Health Minister says COVID vaccines don't interact with DNA, benefits continue to outweigh potential risks

Health Canada was once responsible for overseeing labelling, adulteration and contamination. When faced with allegations of this nature relating to the COVID-19 mRNA products, the agency maintains a secretive risk-benefit analysis justifying the hasty administration of these injections.

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A recent response issued by Liberal Federal Minister of Health Mark Holland asserts the safety and efficacy of the novel mRNA COVID-19 vaccines despite ongoing safety and regulatory concerns.

Minister Holland’s response comes after Conservative MP Colin Carrie (Oshawa) questioned Health Canada in the House of Commons through an order paper question, which is a way for members to get detailed or technical responses from various ministries.

Carrie raised concerns about Health Canada’s knowledge of changes in Pfizer's COVID-19 vaccine manufacturing processes from that which was used in clinical trials to the use of E. coli bacteria to effectively scale up mass production when manufacturing the injections for the general population.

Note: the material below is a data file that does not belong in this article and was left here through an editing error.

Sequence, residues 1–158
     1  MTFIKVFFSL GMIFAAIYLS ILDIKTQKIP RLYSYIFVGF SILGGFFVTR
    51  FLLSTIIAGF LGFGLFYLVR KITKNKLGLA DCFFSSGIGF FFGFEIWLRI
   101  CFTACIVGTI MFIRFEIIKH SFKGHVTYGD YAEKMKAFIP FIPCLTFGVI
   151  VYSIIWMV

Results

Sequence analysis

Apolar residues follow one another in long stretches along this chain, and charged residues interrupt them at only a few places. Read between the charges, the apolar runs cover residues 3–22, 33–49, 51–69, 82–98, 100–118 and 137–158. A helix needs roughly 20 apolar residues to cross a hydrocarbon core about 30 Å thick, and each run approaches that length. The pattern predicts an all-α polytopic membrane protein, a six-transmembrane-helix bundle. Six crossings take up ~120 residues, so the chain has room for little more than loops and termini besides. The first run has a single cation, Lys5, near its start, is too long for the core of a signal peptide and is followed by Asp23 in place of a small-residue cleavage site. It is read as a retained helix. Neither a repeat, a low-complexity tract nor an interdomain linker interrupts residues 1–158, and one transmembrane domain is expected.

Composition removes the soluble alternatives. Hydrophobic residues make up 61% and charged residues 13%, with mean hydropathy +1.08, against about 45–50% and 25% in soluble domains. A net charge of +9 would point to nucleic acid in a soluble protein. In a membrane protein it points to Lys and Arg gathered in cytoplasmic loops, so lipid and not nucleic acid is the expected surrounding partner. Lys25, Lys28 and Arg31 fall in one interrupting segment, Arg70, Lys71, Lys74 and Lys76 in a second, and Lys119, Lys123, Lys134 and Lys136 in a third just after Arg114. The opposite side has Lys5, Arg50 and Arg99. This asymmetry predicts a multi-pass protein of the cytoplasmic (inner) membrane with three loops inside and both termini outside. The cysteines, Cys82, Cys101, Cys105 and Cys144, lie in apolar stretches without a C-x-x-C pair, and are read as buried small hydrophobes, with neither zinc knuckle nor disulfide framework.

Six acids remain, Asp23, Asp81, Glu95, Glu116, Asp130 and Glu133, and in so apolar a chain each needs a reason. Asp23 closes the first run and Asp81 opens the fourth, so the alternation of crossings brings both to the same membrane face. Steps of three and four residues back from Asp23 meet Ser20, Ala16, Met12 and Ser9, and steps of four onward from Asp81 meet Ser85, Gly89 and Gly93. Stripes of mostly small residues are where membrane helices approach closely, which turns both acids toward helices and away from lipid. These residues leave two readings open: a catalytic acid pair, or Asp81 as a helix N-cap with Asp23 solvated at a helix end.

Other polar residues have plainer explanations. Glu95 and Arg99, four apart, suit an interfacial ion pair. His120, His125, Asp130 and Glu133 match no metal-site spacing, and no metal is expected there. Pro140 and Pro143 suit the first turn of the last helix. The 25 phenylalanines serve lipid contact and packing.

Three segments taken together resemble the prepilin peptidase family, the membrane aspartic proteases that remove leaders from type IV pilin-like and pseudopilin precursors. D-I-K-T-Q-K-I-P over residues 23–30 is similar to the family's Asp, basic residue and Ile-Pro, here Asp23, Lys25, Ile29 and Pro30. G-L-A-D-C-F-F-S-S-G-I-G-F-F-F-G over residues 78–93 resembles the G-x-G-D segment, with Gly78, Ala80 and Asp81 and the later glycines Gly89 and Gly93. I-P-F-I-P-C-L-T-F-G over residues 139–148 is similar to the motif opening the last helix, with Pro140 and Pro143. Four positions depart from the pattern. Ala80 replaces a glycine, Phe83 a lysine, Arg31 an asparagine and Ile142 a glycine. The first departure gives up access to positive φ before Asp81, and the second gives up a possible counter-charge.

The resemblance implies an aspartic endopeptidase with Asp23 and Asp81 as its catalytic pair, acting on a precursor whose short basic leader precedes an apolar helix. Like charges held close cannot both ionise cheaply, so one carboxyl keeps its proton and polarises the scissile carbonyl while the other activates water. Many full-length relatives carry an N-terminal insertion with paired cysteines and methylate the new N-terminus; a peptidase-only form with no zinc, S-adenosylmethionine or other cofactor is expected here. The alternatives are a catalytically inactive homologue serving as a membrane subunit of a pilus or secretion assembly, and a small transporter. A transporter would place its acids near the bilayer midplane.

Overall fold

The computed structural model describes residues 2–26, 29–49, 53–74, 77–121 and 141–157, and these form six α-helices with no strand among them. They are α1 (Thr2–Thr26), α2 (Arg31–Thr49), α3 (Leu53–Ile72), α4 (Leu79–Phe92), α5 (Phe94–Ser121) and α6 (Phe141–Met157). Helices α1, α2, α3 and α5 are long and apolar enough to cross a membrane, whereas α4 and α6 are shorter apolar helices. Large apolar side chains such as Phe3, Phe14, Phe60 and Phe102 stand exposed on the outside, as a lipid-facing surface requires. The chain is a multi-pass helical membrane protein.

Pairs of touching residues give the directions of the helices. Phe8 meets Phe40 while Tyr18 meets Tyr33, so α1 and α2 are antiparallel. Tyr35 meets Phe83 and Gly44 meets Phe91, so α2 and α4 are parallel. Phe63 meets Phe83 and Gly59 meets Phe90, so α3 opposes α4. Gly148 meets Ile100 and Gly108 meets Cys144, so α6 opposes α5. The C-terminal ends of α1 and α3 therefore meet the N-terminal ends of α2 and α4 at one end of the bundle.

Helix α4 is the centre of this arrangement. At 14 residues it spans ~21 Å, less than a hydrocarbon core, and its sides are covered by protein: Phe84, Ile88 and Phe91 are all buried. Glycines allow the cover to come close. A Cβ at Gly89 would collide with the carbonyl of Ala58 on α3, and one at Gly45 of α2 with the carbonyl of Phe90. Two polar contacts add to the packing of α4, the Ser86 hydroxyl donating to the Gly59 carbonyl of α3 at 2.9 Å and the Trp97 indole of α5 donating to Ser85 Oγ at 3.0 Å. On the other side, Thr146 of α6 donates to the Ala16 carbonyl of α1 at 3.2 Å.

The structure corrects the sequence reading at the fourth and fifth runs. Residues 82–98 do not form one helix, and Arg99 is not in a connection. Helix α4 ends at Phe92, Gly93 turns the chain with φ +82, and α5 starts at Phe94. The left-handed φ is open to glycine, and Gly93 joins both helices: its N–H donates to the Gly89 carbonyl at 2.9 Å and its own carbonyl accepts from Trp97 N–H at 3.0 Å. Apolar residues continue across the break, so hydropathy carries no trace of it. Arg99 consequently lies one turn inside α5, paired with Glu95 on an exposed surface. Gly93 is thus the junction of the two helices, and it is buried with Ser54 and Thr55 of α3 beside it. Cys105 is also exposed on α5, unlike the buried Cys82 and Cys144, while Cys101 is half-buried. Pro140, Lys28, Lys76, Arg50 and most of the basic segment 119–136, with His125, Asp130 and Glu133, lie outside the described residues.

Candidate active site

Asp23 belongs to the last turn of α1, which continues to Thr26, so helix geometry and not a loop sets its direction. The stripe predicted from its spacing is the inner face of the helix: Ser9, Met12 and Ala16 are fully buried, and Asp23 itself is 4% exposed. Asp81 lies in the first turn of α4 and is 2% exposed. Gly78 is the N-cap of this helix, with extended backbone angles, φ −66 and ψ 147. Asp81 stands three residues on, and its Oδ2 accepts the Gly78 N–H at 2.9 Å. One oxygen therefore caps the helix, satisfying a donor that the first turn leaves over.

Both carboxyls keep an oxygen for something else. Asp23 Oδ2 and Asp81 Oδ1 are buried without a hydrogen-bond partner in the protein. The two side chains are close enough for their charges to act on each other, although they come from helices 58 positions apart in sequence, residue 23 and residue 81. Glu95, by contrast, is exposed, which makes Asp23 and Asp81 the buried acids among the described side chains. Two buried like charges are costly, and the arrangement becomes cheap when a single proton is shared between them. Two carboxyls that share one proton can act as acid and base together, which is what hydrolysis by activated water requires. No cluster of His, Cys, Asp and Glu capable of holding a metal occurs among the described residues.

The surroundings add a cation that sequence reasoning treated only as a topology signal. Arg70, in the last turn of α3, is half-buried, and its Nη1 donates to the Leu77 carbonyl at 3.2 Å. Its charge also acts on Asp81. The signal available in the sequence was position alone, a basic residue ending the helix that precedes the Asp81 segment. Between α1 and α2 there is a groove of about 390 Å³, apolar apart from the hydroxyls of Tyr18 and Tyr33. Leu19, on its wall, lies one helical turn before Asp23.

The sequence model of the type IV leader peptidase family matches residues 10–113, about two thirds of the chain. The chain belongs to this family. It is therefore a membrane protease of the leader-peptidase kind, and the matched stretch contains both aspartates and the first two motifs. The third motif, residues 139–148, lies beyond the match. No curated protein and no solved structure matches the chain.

Questions were also raised about fragmented DNA and the previously undisclosed presence of the Simian Virus SV-40 promoter-enhancer. Carrie inquired about studies on contaminants' impacts and whether the vaccines should be regulated as gene therapy.

Minister Holland reassured Canadians, stating strict controls were in place and the fragments posed no safety issues. Health Canada confirmed awareness of process changes, and despite earlier media responses stating otherwise, defended its standards and declined regulation changes.

Although independent scientists found residual DNA in vaccines exceeded FDA and WHO guidelines, Health Canada maintains their safe and effective stance.

Pharmacist and co-author of that work, Maria Gutschi, explained to Rebel News previously how Health Canada’s testing process is too insensitive and would not adequately pick up on the fragmented DNA she and her collaborators discovered.

Minister Holland reiterated strict controls and dismissed concerns about gene therapy, emphasizing mRNA vaccines' continued regulation as vaccines, even though scientists expressed concerns about RNA transcription into DNA and genetic expression glitches caused by synthesized peptides.

Genomics expert Kevin McKernan, who discovered the SV40 promoter, highlighted regulatory challenges during the pandemic.

Despite Minister Holland stating that Health Canada would take immediate action if a vaccine product failed regulatory standards, there has been a lack of ability by the agency to share the risk-benefit calculations used to justify the rollout of these novel biologics.

Whatever happened to the precautionary principle? The rush to assert the benefits of these injections, without a pause for thorough review and investigation, is a dangerous assumption with the potential for intergenerational harm.

For a vaccine that works so well, it doesn’t stop transmission or infection.

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